Today on Current State: Architect-futurist anticipates global demoralization; Detroit's Water Renaissance series on the Rouge River; filmmaking staying relevant in Michigan despite changes; and MSU Museum photos capture modern workers in new exhibits.
In 2006, only 96 Chinese international students attended MSU for their undergraduate studies. This fall over 4,000 Chinese students are expected to enrolled at MSU. 'Imported From China' premieres tonight at 6 p.m. in the Communication Arts and Sciences building.
Over 200,000 Chinese international students study in the United States each year, drastically altering the makeup of universities across the country. The film “Imported from China” features the personal stories of several Chinese international college students at Michigan State, as they navigate life in America. The film's Co-Director's, MSU Academic Specialist Troy Hale and Associate Professor Geri Alumit Zeldes, joined us to discuss the film.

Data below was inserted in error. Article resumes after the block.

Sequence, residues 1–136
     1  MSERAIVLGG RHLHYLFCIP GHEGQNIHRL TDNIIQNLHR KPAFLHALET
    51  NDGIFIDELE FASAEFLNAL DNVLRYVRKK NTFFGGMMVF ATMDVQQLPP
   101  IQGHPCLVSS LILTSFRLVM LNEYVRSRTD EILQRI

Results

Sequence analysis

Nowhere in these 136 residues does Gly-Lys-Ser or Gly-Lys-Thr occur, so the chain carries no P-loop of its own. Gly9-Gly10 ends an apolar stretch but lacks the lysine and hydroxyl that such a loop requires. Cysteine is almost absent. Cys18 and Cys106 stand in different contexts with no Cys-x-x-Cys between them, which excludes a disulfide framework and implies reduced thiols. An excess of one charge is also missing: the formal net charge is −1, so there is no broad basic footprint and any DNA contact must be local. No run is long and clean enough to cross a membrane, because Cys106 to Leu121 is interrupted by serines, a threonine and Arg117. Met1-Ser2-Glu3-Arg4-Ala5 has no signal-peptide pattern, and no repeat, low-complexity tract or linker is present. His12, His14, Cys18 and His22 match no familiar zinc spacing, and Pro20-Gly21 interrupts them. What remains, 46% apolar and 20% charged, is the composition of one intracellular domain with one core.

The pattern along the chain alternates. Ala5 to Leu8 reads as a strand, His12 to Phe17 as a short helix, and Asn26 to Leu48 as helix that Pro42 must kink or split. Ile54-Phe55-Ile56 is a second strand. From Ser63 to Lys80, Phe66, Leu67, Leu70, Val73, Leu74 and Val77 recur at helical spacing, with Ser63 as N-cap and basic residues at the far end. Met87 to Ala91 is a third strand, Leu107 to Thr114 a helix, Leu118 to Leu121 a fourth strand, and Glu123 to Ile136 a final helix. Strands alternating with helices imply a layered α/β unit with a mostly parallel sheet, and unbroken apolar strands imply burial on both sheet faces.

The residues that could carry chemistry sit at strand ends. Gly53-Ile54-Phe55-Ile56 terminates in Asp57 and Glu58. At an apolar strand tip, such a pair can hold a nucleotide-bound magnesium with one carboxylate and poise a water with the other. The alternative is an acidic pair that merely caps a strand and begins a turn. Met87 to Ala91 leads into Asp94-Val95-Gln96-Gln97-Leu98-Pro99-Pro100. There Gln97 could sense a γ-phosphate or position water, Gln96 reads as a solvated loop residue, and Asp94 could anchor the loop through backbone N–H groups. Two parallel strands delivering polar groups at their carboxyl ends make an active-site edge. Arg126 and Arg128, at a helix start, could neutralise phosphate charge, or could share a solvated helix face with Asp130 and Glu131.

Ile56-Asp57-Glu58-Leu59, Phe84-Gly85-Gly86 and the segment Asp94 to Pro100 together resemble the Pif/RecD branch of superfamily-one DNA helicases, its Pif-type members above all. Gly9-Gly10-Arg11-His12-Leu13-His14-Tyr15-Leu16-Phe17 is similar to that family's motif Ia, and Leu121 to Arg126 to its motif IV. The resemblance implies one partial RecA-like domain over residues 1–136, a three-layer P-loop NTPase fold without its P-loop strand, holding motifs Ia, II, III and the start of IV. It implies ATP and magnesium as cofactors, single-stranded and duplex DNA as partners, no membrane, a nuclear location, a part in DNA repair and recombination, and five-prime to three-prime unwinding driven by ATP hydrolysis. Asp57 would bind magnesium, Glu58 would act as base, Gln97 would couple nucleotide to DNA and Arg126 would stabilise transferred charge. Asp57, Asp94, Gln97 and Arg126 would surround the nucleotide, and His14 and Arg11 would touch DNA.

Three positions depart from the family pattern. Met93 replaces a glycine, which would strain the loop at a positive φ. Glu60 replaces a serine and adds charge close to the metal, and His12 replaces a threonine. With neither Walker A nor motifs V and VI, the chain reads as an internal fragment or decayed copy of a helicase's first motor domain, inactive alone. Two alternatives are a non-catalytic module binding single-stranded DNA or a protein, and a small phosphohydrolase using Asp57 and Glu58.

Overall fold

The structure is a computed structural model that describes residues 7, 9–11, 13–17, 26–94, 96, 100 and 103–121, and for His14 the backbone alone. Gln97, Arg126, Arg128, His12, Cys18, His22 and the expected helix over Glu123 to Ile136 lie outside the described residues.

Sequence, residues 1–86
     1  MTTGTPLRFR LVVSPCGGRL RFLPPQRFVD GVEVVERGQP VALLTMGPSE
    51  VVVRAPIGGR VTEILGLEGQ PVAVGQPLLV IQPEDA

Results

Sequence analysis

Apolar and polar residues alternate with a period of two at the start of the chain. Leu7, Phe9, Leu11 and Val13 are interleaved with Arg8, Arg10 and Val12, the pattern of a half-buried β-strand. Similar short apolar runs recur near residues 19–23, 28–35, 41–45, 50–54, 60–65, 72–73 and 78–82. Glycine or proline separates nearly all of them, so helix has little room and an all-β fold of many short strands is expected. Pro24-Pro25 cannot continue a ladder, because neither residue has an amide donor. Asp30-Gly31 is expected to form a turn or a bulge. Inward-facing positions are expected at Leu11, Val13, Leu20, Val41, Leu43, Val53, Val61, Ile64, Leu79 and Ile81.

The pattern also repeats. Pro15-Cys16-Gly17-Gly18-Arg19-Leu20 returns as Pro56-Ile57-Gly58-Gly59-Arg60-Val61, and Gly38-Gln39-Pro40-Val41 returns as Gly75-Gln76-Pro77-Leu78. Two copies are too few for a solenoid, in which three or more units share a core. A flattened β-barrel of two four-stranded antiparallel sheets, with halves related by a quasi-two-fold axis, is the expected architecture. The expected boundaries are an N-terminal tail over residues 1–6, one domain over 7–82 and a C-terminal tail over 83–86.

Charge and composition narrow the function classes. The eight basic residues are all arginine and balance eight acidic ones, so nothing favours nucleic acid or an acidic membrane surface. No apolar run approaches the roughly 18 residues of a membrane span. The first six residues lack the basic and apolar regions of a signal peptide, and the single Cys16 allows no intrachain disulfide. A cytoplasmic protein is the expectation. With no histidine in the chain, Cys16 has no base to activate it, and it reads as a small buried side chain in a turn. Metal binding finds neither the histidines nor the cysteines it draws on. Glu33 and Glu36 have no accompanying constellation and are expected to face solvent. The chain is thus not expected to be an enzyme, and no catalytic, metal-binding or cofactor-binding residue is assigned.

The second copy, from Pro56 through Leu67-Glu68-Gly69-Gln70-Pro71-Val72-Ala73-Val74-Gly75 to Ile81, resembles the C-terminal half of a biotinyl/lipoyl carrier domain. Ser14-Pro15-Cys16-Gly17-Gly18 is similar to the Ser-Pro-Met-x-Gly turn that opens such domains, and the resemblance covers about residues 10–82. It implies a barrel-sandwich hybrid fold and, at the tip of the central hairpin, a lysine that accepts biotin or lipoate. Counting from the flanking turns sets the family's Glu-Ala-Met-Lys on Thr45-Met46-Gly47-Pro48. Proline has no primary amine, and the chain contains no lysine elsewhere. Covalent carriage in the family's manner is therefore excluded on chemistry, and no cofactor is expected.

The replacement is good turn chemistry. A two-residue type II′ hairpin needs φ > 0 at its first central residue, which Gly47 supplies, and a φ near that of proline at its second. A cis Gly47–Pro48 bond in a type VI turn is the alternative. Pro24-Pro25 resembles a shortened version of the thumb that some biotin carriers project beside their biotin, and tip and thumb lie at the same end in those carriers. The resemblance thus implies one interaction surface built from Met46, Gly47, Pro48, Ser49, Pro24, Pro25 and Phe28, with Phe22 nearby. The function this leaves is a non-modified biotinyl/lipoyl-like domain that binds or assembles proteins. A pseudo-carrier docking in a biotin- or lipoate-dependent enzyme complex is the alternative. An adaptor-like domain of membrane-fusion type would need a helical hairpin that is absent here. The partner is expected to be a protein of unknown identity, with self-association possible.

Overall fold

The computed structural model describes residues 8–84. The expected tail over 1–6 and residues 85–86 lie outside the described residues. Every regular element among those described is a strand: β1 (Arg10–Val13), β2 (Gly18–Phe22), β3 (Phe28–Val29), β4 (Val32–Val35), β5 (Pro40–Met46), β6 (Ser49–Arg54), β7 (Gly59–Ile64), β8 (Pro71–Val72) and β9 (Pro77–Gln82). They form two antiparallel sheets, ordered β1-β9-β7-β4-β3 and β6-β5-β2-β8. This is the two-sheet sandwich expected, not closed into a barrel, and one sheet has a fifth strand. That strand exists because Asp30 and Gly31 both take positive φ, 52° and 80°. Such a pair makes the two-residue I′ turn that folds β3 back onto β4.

The MSU Community Music School is celebrating it’s 20th anniversary this month. We're joined by the school's executive director and associate dean for outreach and engagement, Rhonda Buckley. Also joining the conversation is of the school's bassoonist, Andrea Worful.
And live music throughout the show was provided by CMS performers Andrea Worful (bassoon), Cassandra Hibbard (clarinet), Maggie Gambill (flute), and Tess Miller (flute), Marissa Olin (flute).
This summer, MSU assistant professor Etienne Charles debuted his fourth album, called "Creole Soul." It’s received favorable reviews from The New York Times and NPR, and spent some time high up on the jazz charts. Charles, who is also one of the MSU Professors of Jazz, will be playing some of his music at the Broad Art Museum on Thursday night.
The Michigan State football team may have topped the University of South Florida, 21 to 6, but there are still many unanswered questions concerning the Spartan offense. WKAR's Al Martin explores the offensive confusion after the game.